Wikipedia:WikiProject Retailing/Company page structure

From Wikipedia, the free encyclopedia
Jump to: navigation, search

Very rough draft

Something to consider, see Wikipedia:Criticism. This essay suggests to blow out the entire Criticism section altogether, and placing criticisms elsewhere. For example, criticisms of Wal-Mart do not belong in the article on Wal-Mart, but in the articles on Wal-Mart-critical groups and concepts (such as Wake Up Wal-Mart, predatory pricing, etc.).

Wackymacs (t c) suggests that we should use Microsoft as a template for this; it is a featured article about a corporation after all. It has the following document structure. I have omitted some redundant crap.


===1975–1985: The founding of Microsoft===
===2005–2006: The road to Vista===

==Product divisions==

===Microsoft Platform Products and Services Divisions===

==Business culture==

==User culture==

==Corporate affairs==

===Corporate structure===



===Logos and slogans===




==See also==

==References and footnotes==

==External links==

And now, here is my take:

  • history of company's predecessors
  • history of company itself
  • list of subsidiaries, could also be represented by one or more article
  • if a subsidiary can be explained in multiple paragraphs, then could have its own article or section
Notable subsidiary #1
  • details
  • these could possibly have its own articles
Notable subsidiary #2
  • "........."
Corporate affairs
Corporate structure
  • directors
  • executives
  • stock history (such as IPO day, etc)
Logos and slogans
Self explanatory
  • of course NPOV
  • should include criticism to the business model
  • should also include the company's responses to criticism
See also
  • anything that is obviously not directly about the company (such as Wal-Mart in popular culture) should go in its own article and be linked here
Notes and references
  • list of everything used in the article
  • using Cite of course, could also class="references-small" (remove 10 December 2010) the thing
Further reading (and/or External links)
  • material that is not used in the article

Article composition guidelines (from Wikipedia:Companies, corporations and economic information)

This is a draft set of guidelines for best-practice in the composition of articles about companies and corporations.

  • Articles can be about any type of company: public, private, quasi-governmental. A source of systematic bias in Wikipedia is the greater availability of information on publicly held companies in the United States versus other types and nationalities of companies.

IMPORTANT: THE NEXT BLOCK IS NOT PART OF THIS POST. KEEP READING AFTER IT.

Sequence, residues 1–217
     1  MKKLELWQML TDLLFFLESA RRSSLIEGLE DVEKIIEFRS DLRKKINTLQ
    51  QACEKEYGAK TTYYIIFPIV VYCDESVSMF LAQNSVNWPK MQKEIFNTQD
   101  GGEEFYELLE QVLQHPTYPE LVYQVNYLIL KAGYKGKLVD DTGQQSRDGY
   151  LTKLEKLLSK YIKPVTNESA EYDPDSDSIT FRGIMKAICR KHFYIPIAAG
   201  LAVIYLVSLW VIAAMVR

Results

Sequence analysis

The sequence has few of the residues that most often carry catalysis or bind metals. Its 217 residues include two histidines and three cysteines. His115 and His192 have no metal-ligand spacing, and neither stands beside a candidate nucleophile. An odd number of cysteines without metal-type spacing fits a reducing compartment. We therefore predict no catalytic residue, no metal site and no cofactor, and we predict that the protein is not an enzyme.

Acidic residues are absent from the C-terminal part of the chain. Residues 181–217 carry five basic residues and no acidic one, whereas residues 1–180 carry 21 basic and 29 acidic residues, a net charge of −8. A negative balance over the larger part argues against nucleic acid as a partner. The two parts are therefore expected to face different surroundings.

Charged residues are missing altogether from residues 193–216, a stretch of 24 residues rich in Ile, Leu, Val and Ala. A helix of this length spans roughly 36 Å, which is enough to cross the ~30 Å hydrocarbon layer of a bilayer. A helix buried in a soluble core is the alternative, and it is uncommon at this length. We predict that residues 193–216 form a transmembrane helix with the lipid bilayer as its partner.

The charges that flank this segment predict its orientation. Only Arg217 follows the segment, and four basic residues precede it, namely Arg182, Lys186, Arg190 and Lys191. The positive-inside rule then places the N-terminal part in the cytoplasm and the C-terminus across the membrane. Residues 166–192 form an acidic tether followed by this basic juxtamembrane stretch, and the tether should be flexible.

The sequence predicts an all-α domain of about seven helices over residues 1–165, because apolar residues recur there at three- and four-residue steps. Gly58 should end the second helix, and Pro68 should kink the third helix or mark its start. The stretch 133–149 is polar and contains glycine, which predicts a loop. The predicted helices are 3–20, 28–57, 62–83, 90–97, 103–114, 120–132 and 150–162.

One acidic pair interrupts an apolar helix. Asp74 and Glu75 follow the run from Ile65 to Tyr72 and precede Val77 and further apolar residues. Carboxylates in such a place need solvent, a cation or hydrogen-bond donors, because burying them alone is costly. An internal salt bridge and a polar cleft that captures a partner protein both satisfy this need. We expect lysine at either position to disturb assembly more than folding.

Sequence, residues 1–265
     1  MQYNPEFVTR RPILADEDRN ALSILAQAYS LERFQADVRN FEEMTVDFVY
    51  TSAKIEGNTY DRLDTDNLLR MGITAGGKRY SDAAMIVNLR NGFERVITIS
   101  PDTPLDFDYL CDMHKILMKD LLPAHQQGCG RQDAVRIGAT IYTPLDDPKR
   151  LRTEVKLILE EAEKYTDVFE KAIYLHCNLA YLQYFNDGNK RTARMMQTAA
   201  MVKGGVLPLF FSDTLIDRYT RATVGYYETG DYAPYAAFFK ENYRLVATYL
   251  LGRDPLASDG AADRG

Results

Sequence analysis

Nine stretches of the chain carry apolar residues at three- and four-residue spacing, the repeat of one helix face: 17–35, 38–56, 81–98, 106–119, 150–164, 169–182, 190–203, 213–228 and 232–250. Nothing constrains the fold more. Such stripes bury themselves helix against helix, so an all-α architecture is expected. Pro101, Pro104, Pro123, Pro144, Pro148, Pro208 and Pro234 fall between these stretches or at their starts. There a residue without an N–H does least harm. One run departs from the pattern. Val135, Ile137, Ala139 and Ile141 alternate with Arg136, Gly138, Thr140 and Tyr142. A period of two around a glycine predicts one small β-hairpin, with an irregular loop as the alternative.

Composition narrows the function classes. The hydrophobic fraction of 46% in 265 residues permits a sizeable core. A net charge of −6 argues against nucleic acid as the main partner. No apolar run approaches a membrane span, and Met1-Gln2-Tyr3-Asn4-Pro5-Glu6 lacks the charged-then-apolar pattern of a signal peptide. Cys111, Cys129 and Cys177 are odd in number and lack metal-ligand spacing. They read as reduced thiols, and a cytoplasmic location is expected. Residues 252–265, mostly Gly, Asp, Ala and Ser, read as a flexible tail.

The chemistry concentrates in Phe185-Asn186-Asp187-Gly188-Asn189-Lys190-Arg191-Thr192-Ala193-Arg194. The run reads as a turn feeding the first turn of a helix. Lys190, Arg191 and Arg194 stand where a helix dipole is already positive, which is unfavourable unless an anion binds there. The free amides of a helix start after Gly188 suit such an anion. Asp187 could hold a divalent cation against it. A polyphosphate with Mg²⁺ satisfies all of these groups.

• An article should be about a company and its predecessors, the names of which may have changed due to mergers, acquisitions, de-mergers, legal challenges, etc. For public companies in the United States, the authoritative reference for such changes is the U.S. Securities and Exchange Commission (SEC). The article should be primarily about the history of the surviving company, even though it may have assumed a predecessor's name (for example the article on Bank of America is primarily about Nations Bank with references and links to an article about the legacy BankAmerica).
  • Larger corporations that have wholly owned subsidiaries can be represented by one or more articles; for instance, such subsidiaries might each warrant separate articles, but they should be clearly connected to the parent company.
  • Each article should have a section discussing the company's business model, which is intimately tied to how a company is put together and is one of the major factors usually shaping a company's history. It is not uncommon for the business model to change over time, but major changes can entail a change to the corporate identity.
  • For publicly held companies, a long term stock history (ideally a total shareholder return line including dividends), possibly shown relative to the industry benchmark appropriate to the company's line of business, would not be out of place.
  • Management philosophy, vision, and values are also a major element of corporations and their behaviour which often go under-reported during mergers and acquisitions and can provide insight into what actually happened as opposed to what the corporate partners have publicly described as having happened.
  • Lists in an article of current and former directors and executives of a company are desirable. A corporate governance section may be ideally suited to group this information.